Offer training to your senior employees to strengthen their remote managerial skills. This should include everything from remote management to online communication skills.

Such a measure is especially helpful for managing employees who work remotely. Keep work communications balanced, monitor daily rest breaks, and outline a strict finishing time for all.

Introduce monitoring technology equipment

As we live in a digital age, it’s easy to utilise monitoring technology tools within your business. Digital tools can include software and apps which measure productivity and achievements on a day-to-day basis.

But this type of digital technology isn’t about seeing whether employees are hitting targets. They can be used to manage levels of productivity, pinpoint demotivation, and eliminate burnout.

With these digital tools, work-related communications have become readily accessible. But remember, it does not mean you use them to retain contact for more than what’s necessary.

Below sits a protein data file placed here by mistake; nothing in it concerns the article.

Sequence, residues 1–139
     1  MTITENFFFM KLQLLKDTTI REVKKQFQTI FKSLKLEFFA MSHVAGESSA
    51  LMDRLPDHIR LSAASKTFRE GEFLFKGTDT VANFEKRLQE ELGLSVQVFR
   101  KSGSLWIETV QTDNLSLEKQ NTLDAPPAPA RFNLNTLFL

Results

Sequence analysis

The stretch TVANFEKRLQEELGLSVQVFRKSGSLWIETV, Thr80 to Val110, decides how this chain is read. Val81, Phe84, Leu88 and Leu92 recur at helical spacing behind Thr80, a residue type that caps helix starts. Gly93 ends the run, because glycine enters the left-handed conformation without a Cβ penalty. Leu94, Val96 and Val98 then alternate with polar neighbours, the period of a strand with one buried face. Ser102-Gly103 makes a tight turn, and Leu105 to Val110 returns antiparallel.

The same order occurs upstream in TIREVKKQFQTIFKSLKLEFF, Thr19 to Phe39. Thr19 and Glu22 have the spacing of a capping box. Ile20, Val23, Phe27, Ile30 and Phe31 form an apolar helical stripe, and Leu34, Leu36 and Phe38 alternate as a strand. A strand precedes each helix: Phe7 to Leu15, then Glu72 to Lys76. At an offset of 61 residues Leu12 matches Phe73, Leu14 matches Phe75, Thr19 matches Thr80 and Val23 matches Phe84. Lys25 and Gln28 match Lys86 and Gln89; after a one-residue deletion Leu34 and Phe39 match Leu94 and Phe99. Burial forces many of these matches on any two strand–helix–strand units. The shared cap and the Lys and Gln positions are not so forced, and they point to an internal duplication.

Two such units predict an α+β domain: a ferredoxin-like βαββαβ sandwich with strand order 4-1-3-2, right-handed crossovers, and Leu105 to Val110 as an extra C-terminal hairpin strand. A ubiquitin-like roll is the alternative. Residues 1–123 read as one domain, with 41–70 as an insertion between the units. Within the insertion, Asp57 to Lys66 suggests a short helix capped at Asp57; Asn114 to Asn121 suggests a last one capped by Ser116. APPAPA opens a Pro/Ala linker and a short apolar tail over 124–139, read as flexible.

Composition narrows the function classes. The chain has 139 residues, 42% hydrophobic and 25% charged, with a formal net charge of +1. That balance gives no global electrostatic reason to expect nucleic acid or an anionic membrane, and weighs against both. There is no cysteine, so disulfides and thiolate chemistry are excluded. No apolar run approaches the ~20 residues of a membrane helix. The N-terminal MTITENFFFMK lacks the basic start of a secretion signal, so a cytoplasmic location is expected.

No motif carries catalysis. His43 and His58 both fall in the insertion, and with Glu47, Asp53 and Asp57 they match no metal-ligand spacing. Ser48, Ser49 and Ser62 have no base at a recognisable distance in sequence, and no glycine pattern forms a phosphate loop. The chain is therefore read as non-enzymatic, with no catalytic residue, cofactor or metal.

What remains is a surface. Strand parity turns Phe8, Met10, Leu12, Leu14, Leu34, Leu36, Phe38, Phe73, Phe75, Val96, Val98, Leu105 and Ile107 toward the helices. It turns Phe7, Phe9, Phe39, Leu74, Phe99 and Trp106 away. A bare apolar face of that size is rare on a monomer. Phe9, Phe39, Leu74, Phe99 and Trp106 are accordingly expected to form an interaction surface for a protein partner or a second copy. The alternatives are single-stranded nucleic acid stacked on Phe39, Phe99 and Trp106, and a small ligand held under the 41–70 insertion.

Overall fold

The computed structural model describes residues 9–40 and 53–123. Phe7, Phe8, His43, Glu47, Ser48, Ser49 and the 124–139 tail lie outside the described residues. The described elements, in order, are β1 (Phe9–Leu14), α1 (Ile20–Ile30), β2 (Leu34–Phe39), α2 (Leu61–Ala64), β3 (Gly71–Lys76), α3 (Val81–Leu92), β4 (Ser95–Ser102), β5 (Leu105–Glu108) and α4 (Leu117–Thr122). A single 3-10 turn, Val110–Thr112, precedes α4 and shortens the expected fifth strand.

Establish safe remote working standards

Whatever your business is, it’s important to establish safe remote working standards. This means employers should be fair and just when it comes to objectives and expectations.

Adhering to the legal rules and requirements for safe working standards is a must. In the end, it’s not just your business that’s safe. Employees’ physical and mental health are both protected.

Remember, the right to disconnect is all about focusing on the outcome rather than the process.

Get expert guidance on the right to disconnect with Peninsula

All businesses should establish solid working conditions, regardless of whether employees work at home or on-site.

As an employer, you need to establish how the right to disconnect fits into your business. Remember, these changes can be as small as banning phone calls outside of working hours (except in emergencies) or disconnecting access at certain times.

Whatever your means, Peninsula offers expert guidance on the right to disconnect. Our team offers HR documentation and contract services for all. And our 24/7 HR advice is available 365 days a year; with multi-lingual support and fully trained counsellors ready to help.

Want to find out more? Book a free chat with one of our HR consultants. For further information, call 0800 028 2420